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Can a trans woman invoke the Domestic Violence Act? SC to consider

Context- The Supreme Court Monday (October 30) agreed to examine the question of whether a trans gender woman who underwent a sex-reassignment surgery may be called an “aggrieved person” within the meaning of Section 2(a) of the Domestic Violence Act, 2005.

(Credits- The Economic Times)

In doing so, a Bench of Justices Vikram and Rajesh Bindal allowed an appeal filed by the trans woman’s husband against a Bombay High Court ruling holding that “a person who has exercised his right to decide the self-identified gender of women” is an aggrieved person under Section 2(a) of the Domestic Violence Act, 2005.

Who is an “aggrieved person”?

  • Section 2(a) of the Domestic Violence Act, 2005 defines an “aggrieved person” as “any woman who is, or has been, in a domestic relationship with the respondent and who alleges to have been subjected to any act of domestic violence by the respondent”.
  • A “domestic relationship” under Section 2(f) of the Act means a relationship between two persons who live or have, at any point of time, lived together in a shared household when they are related by “consanguinity, marriage, or through a relationship in the nature of marriage, adoption or are family members living together as a joint family.”
  • The 2005 Act was passed with the objective of providing for “more effective protection of the rights of women guaranteed under the Constitution”. The Act has provisions for monetary relief which can be paid to an aggrieved person by the respondent, upon the Magistrate’s order.
  • In the present case a trans woman who underwent sex reassignment surgery in June 2016, filed a plea for interim maintenance under the DV Act, contending that they had “converted their gender from transgender to female”, fell under the definition of “aggrieved person”.

What was this case?

  • The trans woman and her male partner tied the knot in July, 2016. However, due to differences, the trans woman filed a plea under the 2005 Act, seeking interim maintenance.
  • Before the Bombay HC, the petitioner-husband argued that the trans person didn’t fall within the definition of “aggrieved person” as such a right was conferred on “women” in domestic relationships.
  • Additionally, he claimed that no certificate was issued to her under Section 7 of the Transgender Persons (Protection of Rights) Act, 2019, and therefore she could not be treated as a woman under the DV Act.

What is the process for a transgender person to change their gender?

  • The 2019 Act allows for the recognition of the identity of transgender persons. It says, “A transgender person shall have a right to be recognised as such, in accordance with the provisions of this Act,” adding that transgenders shall also have a “right to self-perceived gender identity”.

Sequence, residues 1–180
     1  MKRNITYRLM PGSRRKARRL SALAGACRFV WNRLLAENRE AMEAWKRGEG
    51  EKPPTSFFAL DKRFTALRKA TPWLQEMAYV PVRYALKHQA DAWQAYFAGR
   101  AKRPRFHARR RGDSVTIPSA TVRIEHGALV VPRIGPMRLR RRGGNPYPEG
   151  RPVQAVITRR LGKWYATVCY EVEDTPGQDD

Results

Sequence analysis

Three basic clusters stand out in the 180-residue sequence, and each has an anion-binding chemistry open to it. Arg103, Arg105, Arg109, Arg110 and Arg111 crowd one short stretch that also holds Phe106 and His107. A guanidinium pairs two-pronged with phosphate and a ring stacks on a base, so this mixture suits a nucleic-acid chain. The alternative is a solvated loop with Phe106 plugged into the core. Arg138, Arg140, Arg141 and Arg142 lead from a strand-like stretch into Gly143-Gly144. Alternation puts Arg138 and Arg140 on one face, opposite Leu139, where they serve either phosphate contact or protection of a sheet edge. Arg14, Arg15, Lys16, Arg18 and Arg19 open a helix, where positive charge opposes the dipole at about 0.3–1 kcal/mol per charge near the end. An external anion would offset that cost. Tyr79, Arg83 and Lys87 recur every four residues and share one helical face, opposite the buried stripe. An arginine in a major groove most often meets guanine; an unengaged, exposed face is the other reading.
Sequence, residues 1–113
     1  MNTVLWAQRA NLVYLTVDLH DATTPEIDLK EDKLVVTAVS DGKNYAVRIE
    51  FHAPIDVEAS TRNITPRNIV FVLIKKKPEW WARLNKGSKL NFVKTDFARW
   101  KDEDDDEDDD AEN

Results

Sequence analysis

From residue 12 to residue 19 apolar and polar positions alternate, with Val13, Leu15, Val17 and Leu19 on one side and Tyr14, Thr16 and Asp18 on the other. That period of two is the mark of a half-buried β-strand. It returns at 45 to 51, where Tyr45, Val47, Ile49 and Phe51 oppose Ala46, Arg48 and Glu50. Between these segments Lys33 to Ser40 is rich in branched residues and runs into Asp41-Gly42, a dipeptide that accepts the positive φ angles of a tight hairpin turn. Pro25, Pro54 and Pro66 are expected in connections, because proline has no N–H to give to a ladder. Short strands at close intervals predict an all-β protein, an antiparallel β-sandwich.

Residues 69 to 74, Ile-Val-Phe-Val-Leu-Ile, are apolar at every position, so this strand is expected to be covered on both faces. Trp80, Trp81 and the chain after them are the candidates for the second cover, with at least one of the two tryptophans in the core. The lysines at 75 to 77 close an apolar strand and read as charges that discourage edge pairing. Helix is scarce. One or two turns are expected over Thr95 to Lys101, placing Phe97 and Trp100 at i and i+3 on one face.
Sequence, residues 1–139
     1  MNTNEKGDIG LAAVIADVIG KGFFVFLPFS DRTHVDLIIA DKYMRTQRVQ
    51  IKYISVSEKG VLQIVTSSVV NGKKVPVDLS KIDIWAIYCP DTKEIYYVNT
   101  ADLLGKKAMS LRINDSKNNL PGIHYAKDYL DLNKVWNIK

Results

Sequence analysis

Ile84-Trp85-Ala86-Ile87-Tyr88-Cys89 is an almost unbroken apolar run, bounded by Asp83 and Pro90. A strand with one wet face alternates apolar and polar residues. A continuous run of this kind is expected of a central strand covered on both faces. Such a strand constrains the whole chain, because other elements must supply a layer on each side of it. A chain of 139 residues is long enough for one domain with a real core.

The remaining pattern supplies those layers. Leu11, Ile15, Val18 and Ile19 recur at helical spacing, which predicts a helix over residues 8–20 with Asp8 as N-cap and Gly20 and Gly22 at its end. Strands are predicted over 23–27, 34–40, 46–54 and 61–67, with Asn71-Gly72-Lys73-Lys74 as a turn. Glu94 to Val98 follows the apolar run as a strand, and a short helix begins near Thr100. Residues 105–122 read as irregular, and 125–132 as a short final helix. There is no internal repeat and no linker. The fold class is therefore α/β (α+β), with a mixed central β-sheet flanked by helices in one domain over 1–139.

• Section 5 of the Act also allows transgenders to file applications before the District Magistrate for issuing a “certificate of identity” as a transgender person, accompanied by documents, in the form and manner prescribed.
  • Once a certificate of identity is issued to the transgender person, they can also seek to change their gender, as per the process outlined in Section 7.
  • However, in the present case, the trans-woman’s submitted only her medical certificate, confirming the occurrence of her sex reassignment surgery before the HC.
  • Relying on the top court’s 2014 ruling in NALSA vs UOI, her counsel said that SC has recognized the rights of persons who change their sex in tune with their gender characteristics and thus, their new gender identity can also be granted recognition.

What did the Bombay HC rule?

  • On March 16, a single-judge bench of Justice Amit Borkar said that although the term “domestic relationship” was defined in gender-neutral terms under the DV Act, the word ‘woman’ was used in Section 2 (a) to define an “aggrieved person”.
  • However, the court took a broader approach while interpreting the term “woman” and said, “The question as to whether a person who has undergone a gender change operation can be termed as a ‘woman’ is no longer res-integra in view of the authoritative pronouncement of the Apex Court in the Case of National Legal Services Authorities”.

Conclusion- Underlining that the need to pass laws like the DV Act stemmed from the inadequacy in existing civil laws for women being subjected to cruelty by their husbands and family relatives, the court said that the term aggrieved person “needs to be interpreted with the broadest possible terms”.

Syllabus- GS-2; Fundamental Rights; Gender

Source- Indian Express

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